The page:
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    Mr. Right & Superman: Effect of Implicit Followership on Employee’s Behaviors
    KONG Ming, QIAN Xiaojun
    2015, 47 (9):  1162-1171.  doi: 10.3724/SP.J.1041.2015.01162
    Abstract ( 1210 )  

    Leaders’ Implicit Followership Theories (LIFTs) are defined as “leaders’ personal assumptions about the traits and behaviors that characterize followers”. It is an extension of implicit leadership theories (ILTs) supported by the social cognitive theory and cognitive information processing theory. From the “followers-centered” perspective, this paper analyzed the leadership process of “how leaders and followers perceive, decide, and act”.

    This paper mainly discussed the influence factors on employee’s behaviors from the perspective of implicit followership. The social exchange theory provides a theoretical framework for understanding how employee’s beneficial social exchange with their organizations lead to their positive attitude and behaviors. The study also tests the mediating effect of leader-member exchange (LMX) and the moderating effect of psychological empowerment. It aims to address the following three research questions: (1) Can positive LIFTs affect employee’s behaviors, especially for the In-Role Behavior (IRB) and Organizational Citizenship Behavior (OCB), and how? (2) Can “Mr. Right” be “Superman”? Why and how? (3) Can and how LMX influence the relationship between “Mr. Right” and “Superman”?
    Questionnaire surveys of both employees and their leaders in 19 large and medium-sized enterprises located in Beijing, Shenzhen, and Hangzhou were conducted. A total of 480 questionnaires were collected and among which 278 were valid (the efficiency is 57.9%). In order to reduce the common method variance, 2 questionnaire surveys with an interval of two months were conducted. After the CFA, we examined the reliability of the scale and tested the correlation between the variables. Multiple linear regression analyses were carried out based on the data from 278 employees in 19 companies.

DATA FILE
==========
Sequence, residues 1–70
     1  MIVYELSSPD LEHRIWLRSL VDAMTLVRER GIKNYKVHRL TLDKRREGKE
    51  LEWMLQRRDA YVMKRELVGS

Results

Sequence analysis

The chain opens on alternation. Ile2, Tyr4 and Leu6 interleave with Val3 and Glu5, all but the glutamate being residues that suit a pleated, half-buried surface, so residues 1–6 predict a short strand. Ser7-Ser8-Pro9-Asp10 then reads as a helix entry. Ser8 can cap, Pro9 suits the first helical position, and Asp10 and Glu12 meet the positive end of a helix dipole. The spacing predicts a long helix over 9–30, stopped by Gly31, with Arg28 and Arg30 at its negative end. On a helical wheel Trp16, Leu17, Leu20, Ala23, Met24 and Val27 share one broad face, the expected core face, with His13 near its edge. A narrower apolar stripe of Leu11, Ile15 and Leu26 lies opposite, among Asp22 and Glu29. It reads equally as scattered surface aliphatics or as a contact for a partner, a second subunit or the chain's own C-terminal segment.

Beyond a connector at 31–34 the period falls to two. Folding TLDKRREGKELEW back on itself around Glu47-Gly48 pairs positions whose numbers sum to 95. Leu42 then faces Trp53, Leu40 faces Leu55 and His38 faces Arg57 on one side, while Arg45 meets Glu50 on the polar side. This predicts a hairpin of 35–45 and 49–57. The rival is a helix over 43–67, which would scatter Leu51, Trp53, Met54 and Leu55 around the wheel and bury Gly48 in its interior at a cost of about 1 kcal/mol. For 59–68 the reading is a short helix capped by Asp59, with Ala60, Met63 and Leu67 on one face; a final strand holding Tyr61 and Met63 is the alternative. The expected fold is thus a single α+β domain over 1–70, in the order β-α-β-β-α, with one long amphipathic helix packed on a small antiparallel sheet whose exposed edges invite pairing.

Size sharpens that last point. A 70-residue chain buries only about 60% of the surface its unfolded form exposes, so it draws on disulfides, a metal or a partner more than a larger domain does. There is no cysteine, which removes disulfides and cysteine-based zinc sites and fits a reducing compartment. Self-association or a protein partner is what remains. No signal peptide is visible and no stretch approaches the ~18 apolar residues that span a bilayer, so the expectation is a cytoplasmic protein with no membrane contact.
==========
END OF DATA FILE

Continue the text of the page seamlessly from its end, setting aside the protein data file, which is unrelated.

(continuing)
The conclusion is that positive LIFTs are positively correlated with employee’s IRB and OCB. Moreover, the results of HRM show that LMX mediated the relationships between positive LIFTs and IRB/OCB. And the moderating effect of psychological empowerment is significant. The results of this study not only extends the application of implicit theory and cognitive theory in the studies on leadership, but also enriched the content of social exchange theory.
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    A Meta-Analysis of the Relationship between Team Demographic Diversity and Team Performance
    WEI Xuhua; LIU Yongmei; CHEN Sixuan
    2015, 47 (9):  1172-1187.  doi: 10.3724/SP.J.1041.2015.01172
    Abstract ( 997 )  

    Over the past decades, team demographic diversity has become a topic of considerable interest to industrial and organizational psychology scholars and organizational managers. However, there is little consistent evidence regarding the relations between team demographic diversity and team performance. There are at least two potential reasons to explain these inconsistencies. First, there are different forms of team demographic diversity and the specific type of diversity should have different effects on team performance. For example, team demographic diversity can be categorized as separation, variety and disparity based on the statistical distribution of team members' characteristics. Second, past researchers suggest considering contextual issues in team demographic diversity research. Rather than test the direct relationship between team demographic diversity and team performance, they have pointed out that contextual factors (e.g., cultural context) should play an important moderating role in the relationship between team demographic diversity and team performance.

    In order to explain the inconsistencies in past research examining the link between team demographic diversity and team performance, we conducted a meta-analysis to examine the effects of different types of team demographic diversity on team performance. Our meta-analysis was based on 345 effect sizes from 137 Eastern and Western empirical studies with 79,639 teams. Each author independently coded the data and resolved discrepancies through discussion. In our coding system, we coded diversity as separation, variety, or disparity based on the measures of diversity used in each empirical paper. Further, we collected contextual data to examine the potential moderating effects of contextual factors, such as performance types, cultural context and team types.